Last month I stopped at Camilla Hall, the health care and retirement home for Sisters, Servants of the Immaculate Heart of Mary, to visit one of our directors of religious education who is recuperating from surgery.
Camilla always strikes me as a step into the past, a “Brigadoon” if you will. Nuns in full-length aprons dart about their charges; “retro” furniture in the parlors looks as good as the day it arrived; and vintage wall school bells still ring to signal a change in schedule.
As I waited for the elevator to arrive, an elderly sister with an arm full of greeting cards joined me. I started the small talk. “Getting your Christmas cards done, Sister?” With a shake of her head she answered, “Oh, no, Honey! These are not my cards. I am helping some of the ‘dears’ (sisters) who just can’t write out their cards anymore. I visit with them, put a note inside and address them. I’ll get to my cards soon.”
The door opened and we smiled at each other as we parted ways.
“I wondered as I wandered” to my destination regarding Sister’s apostolate of card writing. My musing continued as I passed each room with a posting of the retired sister’s name and services.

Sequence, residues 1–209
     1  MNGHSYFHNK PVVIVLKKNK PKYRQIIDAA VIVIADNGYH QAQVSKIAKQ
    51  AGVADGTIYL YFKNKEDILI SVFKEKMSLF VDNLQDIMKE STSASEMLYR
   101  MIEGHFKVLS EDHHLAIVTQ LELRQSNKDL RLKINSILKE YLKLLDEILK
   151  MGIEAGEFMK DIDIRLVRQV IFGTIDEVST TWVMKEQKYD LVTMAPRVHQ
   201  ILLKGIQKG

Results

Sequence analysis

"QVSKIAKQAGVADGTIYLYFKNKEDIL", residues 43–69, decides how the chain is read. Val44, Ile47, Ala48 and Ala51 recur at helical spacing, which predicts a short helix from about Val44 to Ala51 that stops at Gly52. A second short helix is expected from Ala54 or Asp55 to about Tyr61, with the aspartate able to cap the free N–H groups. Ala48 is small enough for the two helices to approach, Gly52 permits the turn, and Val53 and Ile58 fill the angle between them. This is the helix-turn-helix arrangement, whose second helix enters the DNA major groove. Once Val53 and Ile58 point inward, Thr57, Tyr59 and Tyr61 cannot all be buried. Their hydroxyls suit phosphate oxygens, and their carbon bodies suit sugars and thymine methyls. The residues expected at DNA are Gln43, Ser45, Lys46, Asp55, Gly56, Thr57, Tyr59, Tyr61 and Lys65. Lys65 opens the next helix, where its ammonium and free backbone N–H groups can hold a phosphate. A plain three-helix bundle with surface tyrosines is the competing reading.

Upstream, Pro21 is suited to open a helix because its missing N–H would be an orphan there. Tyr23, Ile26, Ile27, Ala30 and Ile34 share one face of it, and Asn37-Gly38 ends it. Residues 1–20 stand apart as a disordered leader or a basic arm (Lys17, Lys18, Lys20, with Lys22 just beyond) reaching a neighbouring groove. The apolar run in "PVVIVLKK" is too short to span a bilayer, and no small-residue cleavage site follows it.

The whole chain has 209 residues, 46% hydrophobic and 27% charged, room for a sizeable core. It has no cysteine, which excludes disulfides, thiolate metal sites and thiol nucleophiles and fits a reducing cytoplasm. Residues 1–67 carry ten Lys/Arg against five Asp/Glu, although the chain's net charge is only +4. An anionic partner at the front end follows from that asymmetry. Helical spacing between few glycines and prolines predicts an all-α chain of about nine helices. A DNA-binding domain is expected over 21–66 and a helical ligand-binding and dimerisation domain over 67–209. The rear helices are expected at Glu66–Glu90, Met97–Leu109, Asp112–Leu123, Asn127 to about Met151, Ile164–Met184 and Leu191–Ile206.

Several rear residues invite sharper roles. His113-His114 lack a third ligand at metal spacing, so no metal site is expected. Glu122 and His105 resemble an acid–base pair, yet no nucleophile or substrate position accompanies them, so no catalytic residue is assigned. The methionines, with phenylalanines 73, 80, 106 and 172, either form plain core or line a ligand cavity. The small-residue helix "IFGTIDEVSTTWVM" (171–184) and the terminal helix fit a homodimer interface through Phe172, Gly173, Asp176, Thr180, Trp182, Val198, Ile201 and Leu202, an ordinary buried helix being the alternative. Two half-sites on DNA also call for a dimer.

Quick math calculated over a century of charity which enveloped me. It hit me that to my left, my right, above, below, behind and in front of me were good and faithful servants whose mission was not quite finished. Some serve actively; others with limitations, contemplatively; all prayerfully journeying to their final destination and praying for others along the way.
St. Teresa of Avila reminded us that all things are passing; God never changes. Thanks to my elevator buddy, my observation of long aprons, dated décor and antique bells has passed. Rather God, Emmanuel, permeates this holy place and powerhouse of prayer — yesterday, today and tomorrow.
As we enter a new year, our Holy Father has proclaimed a Year of Consecrated Life. Its focus is to “make a grateful remembrance of the recent past while embracing the future with hope.”
Camilla Hall is just one example among many that houses men and women religious who are courageous witnesses of the faith. Let us remember to give thanks for them and pray for more vocations to enrich the salvific mission of the Church.
Ann Menna is deputy secretary for catechetical formation for the Archdiocese of Philadelphia.
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